We are publishing an Italian book about Brexit: the title is “Brexit. The challenge”, and it is a reaction to the main “narrative” which described Brexit in terms of anathema and superstition.

We have tried to put down in black and white the other side of the story. From the British point of view, explaining that Brexit means taking back control of the main political decisions about economy and immigration, and making Britain a global super-hub capable of attracting resources and investments.

And also from a European point of view, arguing that the next negotiations between London and Brussels may offer an extraordinary opportunity to trigger a European renegotiation. The Brexit process must be considered as an opportunity to prevent the introduction of a sort of “super-State”, a Franco-German project designed in Berlin, in Paris and in Brussels, and then imposed to all of the others.

In our opinion, the time has come to explain that too much time has been spent and wasted on the institutional aspect of the EU architecture. Many have focused their attention on the institutional tools, forgetting the political will and courage to carry out real reforms. They have mixed up the means with the purposes. To quote Mrs Thatcher and what she presciently explained in her “Bruges speech” in 1988:

“The Community is not an end in itself. Nor it is an institutional device to be constantly modified according to the dictates of some abstract intellectual concept. Nor must it be ossified by endless regulation. The European Community is a practical means by which Europe can ensure the future prosperity and security of its people in a world in which there are many other powerful nations and groups of nations. We Europeans cannot afford to waste our energies on internal disputes or arcane institutional debates”.

This is the main reason, from our perspective, why we must absolutely reject the so-called Five Presidents Report. It would be the “final cage”, the final attempt to impose an absurd strait-jacket of uniformity from Portugal to Finland. We must make clear that we need free competition between different models, a willing cooperation (and a virtuous challenge) between fiscal and legal systems, and not a single and unique solution imposed to everyone.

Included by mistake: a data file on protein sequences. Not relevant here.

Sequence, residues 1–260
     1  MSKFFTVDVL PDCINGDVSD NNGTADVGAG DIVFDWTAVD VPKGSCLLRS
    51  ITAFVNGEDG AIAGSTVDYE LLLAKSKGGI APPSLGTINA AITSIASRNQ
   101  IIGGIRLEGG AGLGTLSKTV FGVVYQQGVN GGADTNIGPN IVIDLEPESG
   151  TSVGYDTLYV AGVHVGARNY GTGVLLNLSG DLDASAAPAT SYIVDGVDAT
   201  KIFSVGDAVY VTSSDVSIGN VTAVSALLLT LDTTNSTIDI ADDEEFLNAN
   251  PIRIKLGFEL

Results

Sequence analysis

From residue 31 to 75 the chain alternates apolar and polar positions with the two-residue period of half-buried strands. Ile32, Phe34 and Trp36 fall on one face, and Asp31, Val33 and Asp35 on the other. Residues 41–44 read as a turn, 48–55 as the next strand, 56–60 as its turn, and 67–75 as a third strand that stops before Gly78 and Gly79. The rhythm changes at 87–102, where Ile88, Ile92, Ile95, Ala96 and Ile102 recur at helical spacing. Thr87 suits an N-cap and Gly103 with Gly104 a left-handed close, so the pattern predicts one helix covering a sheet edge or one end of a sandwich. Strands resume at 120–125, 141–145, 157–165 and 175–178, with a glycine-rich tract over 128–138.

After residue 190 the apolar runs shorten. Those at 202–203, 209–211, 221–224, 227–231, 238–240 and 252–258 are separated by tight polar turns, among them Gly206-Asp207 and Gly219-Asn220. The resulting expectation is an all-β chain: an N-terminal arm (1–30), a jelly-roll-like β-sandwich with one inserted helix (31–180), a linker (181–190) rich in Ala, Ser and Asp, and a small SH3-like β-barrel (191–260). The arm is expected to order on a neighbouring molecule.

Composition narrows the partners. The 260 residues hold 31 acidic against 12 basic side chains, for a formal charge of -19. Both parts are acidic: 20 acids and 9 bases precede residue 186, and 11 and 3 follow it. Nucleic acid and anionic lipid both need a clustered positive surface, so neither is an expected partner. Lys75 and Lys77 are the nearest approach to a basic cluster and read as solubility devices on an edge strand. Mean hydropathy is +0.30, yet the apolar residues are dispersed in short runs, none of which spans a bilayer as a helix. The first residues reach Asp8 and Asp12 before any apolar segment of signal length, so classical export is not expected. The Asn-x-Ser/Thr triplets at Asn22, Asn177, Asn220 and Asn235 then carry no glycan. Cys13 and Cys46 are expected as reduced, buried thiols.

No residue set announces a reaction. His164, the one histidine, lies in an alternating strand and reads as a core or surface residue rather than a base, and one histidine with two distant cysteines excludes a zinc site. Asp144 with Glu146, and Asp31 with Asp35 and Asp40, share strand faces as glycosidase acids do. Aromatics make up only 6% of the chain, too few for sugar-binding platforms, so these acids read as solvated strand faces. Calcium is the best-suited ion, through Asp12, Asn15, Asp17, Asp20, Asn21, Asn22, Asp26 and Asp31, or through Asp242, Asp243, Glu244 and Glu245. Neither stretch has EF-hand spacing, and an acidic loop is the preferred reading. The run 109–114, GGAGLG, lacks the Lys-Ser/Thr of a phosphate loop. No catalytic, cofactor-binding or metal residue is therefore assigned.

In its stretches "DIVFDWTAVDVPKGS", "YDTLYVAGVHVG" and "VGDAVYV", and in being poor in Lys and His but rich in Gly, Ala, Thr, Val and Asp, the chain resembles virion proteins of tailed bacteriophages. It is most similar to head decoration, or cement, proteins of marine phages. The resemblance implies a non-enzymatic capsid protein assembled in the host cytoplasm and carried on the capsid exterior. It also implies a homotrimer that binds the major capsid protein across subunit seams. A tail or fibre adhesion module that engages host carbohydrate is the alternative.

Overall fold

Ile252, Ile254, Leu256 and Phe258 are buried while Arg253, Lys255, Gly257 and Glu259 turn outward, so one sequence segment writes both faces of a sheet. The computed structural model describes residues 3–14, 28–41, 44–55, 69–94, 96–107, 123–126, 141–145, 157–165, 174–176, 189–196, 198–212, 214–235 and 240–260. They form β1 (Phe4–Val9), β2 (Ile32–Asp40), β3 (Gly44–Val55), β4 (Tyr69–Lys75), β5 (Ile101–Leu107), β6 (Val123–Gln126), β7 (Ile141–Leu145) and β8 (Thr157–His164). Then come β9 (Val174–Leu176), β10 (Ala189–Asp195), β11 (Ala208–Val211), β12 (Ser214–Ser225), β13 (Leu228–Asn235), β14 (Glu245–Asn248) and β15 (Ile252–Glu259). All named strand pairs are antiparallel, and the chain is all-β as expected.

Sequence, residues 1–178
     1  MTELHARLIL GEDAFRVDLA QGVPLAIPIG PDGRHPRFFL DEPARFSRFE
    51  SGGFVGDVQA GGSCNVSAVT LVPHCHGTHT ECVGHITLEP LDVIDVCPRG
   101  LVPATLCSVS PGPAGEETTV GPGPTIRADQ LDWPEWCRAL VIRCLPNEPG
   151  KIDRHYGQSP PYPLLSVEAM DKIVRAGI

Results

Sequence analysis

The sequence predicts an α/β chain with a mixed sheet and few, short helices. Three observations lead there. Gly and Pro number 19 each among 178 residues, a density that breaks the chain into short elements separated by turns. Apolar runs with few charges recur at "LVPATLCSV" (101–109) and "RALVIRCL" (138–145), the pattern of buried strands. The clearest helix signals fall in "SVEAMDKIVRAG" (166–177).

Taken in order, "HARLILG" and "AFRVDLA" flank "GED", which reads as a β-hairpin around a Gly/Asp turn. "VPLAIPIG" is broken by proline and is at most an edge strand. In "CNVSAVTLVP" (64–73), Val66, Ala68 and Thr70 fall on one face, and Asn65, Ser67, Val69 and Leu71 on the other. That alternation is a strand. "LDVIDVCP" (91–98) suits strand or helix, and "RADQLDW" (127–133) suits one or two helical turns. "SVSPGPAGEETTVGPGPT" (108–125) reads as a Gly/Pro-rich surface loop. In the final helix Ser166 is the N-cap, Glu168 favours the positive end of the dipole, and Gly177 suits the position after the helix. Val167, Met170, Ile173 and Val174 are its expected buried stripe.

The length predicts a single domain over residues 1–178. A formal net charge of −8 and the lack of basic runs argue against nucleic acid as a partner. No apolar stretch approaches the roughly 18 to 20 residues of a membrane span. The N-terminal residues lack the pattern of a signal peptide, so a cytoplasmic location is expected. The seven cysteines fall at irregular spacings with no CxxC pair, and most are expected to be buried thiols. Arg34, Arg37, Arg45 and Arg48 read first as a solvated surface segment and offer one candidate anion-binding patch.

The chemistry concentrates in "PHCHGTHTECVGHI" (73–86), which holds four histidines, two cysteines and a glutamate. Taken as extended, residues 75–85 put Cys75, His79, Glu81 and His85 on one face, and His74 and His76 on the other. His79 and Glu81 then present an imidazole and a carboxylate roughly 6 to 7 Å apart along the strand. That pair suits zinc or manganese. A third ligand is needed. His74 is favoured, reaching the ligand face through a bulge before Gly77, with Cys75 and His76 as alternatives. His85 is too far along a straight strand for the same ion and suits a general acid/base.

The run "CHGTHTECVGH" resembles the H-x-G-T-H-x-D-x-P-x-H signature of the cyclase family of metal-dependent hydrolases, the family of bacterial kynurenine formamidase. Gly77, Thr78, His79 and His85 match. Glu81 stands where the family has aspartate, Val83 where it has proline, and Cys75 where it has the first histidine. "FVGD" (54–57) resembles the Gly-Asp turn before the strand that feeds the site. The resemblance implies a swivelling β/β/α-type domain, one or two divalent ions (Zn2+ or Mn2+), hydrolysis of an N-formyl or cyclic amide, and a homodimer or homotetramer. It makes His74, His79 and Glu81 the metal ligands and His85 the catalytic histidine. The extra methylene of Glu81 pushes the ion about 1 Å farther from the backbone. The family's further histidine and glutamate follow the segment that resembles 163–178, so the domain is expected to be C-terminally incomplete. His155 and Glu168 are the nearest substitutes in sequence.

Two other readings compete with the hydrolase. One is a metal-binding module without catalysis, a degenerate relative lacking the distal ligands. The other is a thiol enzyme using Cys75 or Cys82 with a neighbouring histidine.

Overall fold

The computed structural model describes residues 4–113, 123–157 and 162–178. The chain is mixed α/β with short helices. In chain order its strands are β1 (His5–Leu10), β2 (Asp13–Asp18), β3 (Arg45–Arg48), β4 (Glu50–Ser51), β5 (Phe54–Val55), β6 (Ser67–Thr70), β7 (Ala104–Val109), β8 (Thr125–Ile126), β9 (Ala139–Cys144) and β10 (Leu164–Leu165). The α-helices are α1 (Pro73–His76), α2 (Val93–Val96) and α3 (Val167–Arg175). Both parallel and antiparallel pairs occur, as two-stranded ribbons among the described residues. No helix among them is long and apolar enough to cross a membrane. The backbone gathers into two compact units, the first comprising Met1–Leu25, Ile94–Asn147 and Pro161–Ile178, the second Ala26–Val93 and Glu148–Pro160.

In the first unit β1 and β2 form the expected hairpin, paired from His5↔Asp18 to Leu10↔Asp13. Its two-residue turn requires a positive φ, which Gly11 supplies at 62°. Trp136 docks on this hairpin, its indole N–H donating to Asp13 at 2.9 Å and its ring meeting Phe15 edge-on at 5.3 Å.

We should learn from the Brexit experience.

Of course, not all EU countries can afford a sort of leap in the dark. Many countries are not in the same position as the United Kingdom: they are not the fourth military global power, they are not the fifth economy in the world, and many of them (Italy, for example) are overwhelmed by massive sovereign debt.

But the time has come to outline different scenarios, to have a coping strategy. No one can honestly take for granted that what has not worked so far will be working in the future.

We should offer a constructive proposal to the mass of disappointed and disaffected electors. Instead of “judging” them, we should offer them something better.  A great part of the European electorate is looking forward to listening not only to a criticism of the EU, but also to a positive and constructive platform.

Daniele Capezzone is an Italian MP, Federico Punzi  is an Italian journalist)

“Brexit. The Challenge” is published by Giubilei Regnani and collects opinions and views (or articles) from many authoritative figures. Among them, Janet Daley, Michael Doran, Niall Ferguson, Nile Gardiner, David Goodhart, Daniel Hannan, Allister Heath, John Hulsman, Tim Knox, Lord Nigel Lawson, Charles Moore, Peter Rough. The volume also includes papers from the Adam Smith Institute, the Centre for Policy Studies, Policy Exchange and The Conservative.